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Stair Lifts Or Stairlifts

Language naturally evolves over time and the popular spelling, pronunciation and even to some extent definition of some words is different from those of the same words fifty to one hundred years ago. As the language starts to change it is the popular uptake of one version of a word over another which leads to the end result.

Stair Lifts Or Stairlifts

John McE writes articles on a number of subjects including stairlifts, mobility aids, stair lifts and chairlifts.

Have a look at different rental stair lifts here: http://www.stannahstairlifts.co.uk/en/our-products.html

Language naturally evolves over time and the popular spelling, pronunciation and even to some extent definition of some words is different from those of the same words fifty to one hundred years ago. People do not think twice about this, it is a natural part of any language. As the language starts to change it is the popular uptake of one version of a word over another which leads to the end result. So, stair lifts or stairlifts? My preference is for the single word and is what I predominantly use. However, the spell checker on the computer does not recognise the single word. Different online dictionaries had different results for stair lift and stairlift, with some not recognising the two word variety and some giving them the same definition.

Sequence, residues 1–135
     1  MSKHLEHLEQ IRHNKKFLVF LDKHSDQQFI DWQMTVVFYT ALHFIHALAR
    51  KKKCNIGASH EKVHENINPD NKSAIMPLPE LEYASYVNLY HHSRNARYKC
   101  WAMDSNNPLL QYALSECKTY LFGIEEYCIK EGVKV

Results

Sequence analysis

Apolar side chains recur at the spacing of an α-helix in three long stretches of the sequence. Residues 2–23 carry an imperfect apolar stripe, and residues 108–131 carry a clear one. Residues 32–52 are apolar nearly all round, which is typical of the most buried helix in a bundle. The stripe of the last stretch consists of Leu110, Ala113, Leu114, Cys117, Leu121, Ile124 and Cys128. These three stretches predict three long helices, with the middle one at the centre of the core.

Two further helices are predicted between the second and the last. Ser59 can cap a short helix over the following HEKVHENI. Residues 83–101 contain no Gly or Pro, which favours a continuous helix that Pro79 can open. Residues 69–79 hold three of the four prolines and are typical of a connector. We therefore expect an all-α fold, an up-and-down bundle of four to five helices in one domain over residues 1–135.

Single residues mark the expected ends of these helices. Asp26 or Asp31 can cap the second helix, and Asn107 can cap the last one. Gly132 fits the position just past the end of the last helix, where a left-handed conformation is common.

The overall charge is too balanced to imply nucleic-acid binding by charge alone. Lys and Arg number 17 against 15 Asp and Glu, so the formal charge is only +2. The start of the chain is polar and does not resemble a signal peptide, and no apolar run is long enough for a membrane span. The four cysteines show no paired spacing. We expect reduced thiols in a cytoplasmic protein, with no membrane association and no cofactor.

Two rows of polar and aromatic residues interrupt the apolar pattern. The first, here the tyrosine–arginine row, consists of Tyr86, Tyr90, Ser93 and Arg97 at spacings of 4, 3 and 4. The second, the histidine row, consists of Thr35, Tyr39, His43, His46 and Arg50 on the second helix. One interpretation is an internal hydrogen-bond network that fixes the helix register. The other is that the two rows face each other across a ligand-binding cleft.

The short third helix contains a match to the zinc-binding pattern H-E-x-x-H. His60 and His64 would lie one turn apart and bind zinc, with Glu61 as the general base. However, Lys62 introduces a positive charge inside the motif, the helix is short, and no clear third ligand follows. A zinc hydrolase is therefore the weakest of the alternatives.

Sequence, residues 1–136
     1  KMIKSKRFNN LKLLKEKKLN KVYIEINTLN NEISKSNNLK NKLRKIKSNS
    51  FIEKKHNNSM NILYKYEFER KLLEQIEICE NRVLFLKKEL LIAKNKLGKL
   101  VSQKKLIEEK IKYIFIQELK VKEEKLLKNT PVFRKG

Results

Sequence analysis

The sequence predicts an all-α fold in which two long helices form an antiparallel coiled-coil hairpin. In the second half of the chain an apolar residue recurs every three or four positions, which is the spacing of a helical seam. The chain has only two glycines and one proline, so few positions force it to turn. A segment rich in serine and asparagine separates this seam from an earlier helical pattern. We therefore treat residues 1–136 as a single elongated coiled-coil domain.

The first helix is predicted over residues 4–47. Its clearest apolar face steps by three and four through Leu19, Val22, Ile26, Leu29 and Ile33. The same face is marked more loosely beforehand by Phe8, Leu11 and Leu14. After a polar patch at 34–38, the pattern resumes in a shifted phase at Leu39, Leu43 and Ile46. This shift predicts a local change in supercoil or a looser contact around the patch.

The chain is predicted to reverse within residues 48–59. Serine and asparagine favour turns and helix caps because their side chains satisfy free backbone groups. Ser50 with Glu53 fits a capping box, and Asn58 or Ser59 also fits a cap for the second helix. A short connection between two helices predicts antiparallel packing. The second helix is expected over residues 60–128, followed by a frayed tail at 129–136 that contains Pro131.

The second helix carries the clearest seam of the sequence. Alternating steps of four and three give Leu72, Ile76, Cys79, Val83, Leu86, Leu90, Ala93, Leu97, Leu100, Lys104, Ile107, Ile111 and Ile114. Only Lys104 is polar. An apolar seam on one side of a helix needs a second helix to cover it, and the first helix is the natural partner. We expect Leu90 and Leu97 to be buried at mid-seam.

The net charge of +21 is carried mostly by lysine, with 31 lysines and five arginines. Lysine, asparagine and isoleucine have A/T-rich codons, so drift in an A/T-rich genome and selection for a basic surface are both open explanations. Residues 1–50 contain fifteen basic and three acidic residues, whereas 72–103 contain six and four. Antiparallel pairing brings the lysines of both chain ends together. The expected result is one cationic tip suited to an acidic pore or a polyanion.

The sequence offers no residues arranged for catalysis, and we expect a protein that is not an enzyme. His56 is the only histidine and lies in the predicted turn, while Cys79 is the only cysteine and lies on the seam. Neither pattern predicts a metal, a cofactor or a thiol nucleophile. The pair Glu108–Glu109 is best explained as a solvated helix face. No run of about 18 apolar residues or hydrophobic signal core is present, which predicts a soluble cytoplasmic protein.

Popular uptake would appear to agree with the spell checker as last month in the UK there were 40,500 searches for the phrase ‘stair lifts’, 33,100 searches for the word ‘stairlifts’ and a tied 18,100 searches for ‘stairlift’ and ‘stair lift’. Am I going against the trend, or am I ahead of the game?

Why do we push separate words together? It is common across the English language with words such as insofar, thereafter, furthermore, nevertheless, notwithstanding, nonetheless, moreover and overdue. These are but a few of the thousands of words which we have merged into one and they are known as compound words. Is there an explanation for it? Why do I feel the need to write stairlifts and not separate the two words? An automatic response may be that it is quicker or easier, but really, it doesn’t make that much difference. The time it takes to put a space between two words is negligible. There does not appear to be any clear, reasonable explanation or any consistency with this.

The hyphen further confuses the issue as people choose not to merge words, but feel that an entire space is just too divisive. Some words, or phrases depending on how you choose to write it, could be written as all three. For example; grownup, grown-up and grown up or signup, sign-up and sign up. However, the hyphen is usually a middle ground and precedes the complete merging of words. The length of time that this goes on for varies and does not always apply. For example, no one writes stair-lifts, it is either stair lifts or stairlifts.

I am going to stick to my guns and compound stair lifts, hopefully I will drive the evolution of the word stairlifts in line with the evolution of the product!

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